Certificates of Deposits (CDs) Explained

Written by
David Mully
Read Time: 6 minutes

CDs are important tools for personal financial planning. The following short items summarize some of the most important things to know about them.

Profit by Choosing Your CD Wisely

Submitted on December 8, 2006

If you're disappointed with the earnings on your savings account, consider a certificate of deposit. A CD is insured, just like your savings, but rates are higher, giving you more bang for your buck. Since there are several different types to choose from, it's important to know what you're getting before you hand over your cash.

Certificates of deposits (CDs) come in many shapes and sizes. To make the most out of your savings dollars, it pays to learn the available options.

All CDs require that you leave your money invested for a specified period of time. That's a small price to pay, however, for the benefit of higher interest rates. In general, the more you invest and the longer the term, the more money that you'll earn.

Types of CDs

CDS come in a variety of styles. Here are a few types to choose from.

Traditional: Traditional CDs pay a pre-determined interest rate. Your deposit earns a fixed amount of money over a specific term. However, there are stiff penalties for early withdrawal.

Callable: The bank can call (redeem prior to maturity) this type of CD if interest rates drop. There are restrictions on how soon the bank is allowed to do this and reissue a new one at a lower rate. The callable CD's advantage is that the initial interest rate will be higher than that of a traditional CD.

Brokerage: A CD issued by a brokerage company rather than a bank or credit union often pays a higher interest rate. However, you'll have to have an account there to be eligible.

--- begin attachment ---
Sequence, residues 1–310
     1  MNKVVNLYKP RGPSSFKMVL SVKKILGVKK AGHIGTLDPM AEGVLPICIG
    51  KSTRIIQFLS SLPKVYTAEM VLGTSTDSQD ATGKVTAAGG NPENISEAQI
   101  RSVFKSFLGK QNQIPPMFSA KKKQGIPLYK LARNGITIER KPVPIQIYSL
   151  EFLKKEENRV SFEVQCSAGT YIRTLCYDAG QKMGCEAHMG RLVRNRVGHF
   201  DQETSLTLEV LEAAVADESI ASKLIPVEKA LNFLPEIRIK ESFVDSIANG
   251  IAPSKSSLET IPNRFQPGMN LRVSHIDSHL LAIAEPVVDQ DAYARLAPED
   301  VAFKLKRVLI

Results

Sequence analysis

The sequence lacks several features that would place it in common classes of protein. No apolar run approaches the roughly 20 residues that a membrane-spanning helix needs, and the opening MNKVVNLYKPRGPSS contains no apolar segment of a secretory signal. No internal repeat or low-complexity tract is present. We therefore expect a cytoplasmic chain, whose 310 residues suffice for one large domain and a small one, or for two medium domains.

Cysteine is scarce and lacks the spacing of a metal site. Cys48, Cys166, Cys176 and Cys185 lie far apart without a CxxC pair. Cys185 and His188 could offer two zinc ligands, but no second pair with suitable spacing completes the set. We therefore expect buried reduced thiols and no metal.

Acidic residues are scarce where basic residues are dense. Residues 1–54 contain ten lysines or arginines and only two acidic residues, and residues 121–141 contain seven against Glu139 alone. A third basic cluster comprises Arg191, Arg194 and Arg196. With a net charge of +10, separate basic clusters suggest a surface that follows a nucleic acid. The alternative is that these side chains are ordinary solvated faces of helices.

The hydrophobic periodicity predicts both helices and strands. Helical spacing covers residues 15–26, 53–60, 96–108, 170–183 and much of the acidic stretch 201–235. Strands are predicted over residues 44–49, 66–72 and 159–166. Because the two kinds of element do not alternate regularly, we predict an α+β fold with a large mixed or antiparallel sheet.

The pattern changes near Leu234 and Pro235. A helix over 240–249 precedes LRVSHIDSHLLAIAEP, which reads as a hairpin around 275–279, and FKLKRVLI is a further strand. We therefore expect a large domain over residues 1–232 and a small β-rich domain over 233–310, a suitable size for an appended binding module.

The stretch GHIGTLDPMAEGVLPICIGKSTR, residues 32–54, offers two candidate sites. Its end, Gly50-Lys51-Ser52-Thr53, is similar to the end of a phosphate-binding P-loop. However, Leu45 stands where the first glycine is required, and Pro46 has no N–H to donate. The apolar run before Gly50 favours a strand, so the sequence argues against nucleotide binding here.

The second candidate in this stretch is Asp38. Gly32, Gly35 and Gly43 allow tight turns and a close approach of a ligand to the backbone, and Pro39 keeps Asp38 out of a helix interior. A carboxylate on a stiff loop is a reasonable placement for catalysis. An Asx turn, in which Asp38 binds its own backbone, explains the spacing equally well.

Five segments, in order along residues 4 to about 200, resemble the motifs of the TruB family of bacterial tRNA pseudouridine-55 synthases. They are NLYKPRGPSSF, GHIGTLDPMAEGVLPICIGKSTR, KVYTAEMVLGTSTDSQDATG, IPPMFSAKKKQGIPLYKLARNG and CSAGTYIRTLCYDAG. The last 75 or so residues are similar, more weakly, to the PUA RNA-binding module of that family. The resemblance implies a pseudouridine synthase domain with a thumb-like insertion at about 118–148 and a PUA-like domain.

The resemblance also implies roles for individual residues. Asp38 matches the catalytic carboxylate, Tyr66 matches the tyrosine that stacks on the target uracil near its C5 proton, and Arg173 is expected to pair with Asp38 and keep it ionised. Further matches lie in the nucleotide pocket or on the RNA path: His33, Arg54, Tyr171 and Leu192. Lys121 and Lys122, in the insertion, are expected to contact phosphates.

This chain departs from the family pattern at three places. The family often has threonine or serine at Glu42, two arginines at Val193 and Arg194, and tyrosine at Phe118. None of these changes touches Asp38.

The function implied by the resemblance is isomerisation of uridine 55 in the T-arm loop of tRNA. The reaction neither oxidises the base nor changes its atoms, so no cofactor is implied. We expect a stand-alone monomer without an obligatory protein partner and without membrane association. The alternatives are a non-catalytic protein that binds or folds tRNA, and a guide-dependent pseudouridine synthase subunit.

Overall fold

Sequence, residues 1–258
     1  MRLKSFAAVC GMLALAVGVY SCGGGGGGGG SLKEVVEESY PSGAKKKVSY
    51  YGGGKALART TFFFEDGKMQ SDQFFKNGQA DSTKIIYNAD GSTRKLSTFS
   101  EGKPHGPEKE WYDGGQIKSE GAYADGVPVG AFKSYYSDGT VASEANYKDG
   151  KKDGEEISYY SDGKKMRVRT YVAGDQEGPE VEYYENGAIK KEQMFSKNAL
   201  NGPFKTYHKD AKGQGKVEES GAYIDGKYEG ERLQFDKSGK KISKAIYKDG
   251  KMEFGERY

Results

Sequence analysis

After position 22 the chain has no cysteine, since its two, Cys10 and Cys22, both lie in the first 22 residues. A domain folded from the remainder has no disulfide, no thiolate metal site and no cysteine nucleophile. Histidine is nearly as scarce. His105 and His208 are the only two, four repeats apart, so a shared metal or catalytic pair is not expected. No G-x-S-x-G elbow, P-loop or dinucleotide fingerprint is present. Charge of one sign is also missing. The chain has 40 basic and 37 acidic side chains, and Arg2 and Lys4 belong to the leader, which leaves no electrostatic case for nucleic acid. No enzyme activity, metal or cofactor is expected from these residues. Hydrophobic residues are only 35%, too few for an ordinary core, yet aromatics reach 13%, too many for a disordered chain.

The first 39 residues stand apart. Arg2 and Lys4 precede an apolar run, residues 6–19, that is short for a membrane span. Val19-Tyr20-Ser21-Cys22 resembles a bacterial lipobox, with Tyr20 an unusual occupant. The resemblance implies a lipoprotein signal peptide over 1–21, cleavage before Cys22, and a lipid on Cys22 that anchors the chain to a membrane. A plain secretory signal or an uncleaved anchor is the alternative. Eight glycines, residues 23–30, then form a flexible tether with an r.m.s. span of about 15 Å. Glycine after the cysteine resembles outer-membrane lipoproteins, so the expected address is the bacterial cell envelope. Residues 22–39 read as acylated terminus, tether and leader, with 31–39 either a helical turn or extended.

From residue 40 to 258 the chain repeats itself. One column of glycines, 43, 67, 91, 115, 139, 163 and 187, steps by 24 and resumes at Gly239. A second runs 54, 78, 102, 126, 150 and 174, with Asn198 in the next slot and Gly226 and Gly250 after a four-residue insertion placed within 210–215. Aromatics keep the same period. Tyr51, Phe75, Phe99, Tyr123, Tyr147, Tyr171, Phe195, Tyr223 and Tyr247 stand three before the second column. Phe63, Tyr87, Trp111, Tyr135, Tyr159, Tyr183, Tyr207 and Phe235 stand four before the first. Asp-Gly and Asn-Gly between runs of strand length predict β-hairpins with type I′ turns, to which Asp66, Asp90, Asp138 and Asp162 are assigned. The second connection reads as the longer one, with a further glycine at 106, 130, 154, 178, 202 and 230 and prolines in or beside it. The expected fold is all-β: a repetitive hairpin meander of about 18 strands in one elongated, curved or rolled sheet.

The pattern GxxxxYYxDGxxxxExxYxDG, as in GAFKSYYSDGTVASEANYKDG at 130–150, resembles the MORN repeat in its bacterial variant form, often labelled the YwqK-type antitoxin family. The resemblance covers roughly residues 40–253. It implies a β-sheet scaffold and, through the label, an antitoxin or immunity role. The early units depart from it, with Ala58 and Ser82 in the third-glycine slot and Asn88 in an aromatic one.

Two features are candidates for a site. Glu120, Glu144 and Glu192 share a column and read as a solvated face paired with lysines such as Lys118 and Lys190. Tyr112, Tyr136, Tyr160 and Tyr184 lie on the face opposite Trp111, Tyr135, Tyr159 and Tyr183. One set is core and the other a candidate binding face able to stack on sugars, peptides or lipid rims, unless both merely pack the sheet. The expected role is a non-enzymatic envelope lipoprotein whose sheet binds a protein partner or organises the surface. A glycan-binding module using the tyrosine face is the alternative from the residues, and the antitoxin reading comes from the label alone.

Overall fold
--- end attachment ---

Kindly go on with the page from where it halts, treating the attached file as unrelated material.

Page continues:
Bump up: Bump-up CDs allow you to request an adjustment in the interest rate. This is something that you might consider if rates begin to rise. There's always a price to pay, though: the initial interest rate may be lower than the rate on a traditional CD.

Liquid: You can withdraw money from a liquid CD during the term without penalty. What's the trade-off? With a liquid CD, the interest rate will be lower than that on a traditional CD. There also may be limits on when you can take the money and how many times you can do it.

A CD is a great savings account if you don't need your money at a moment's notice. Once you understand the choices, you can choose the one that most aligns with your financial situation.

Savings Tips: Explore Certificates of Deposit

Submitted on April 7, 2007

In the music world, CDs (compact discs) are becoming a thing of the past, thanks to downloadable music. In the financial world, CDs (certificates of deposit) are still a reliable tool that will always be stylish.

For the first time since the Great Depression, Americans are spending more than they save. According to the U.S. Commerce Department of Economic Analysis, Americans have a negative savings rate of .05 percent. Many continue saving, but they're spending more than they're earning by using either accumulated wealth (home equity, 401(k) funds) or credit cards.

If you're looking to return to a positive savings rate, consider the benefits of a certificate of deposit ("CD").

Why people like CDs

With their low-risk and guaranteed principal, CDs are an investment choice for people who want to avoid the roller coaster ride of the stock market. You invest a set amount of money for a certain time period-six months, one year, five years, for example. When that time period is over, the CD has reached its maturity date, and you receive your principal, plus the accrued interest. Certificates of deposit can be redeemed at any time; but if cashed before the maturity date, you will have to pay an "early withdrawal" penalty.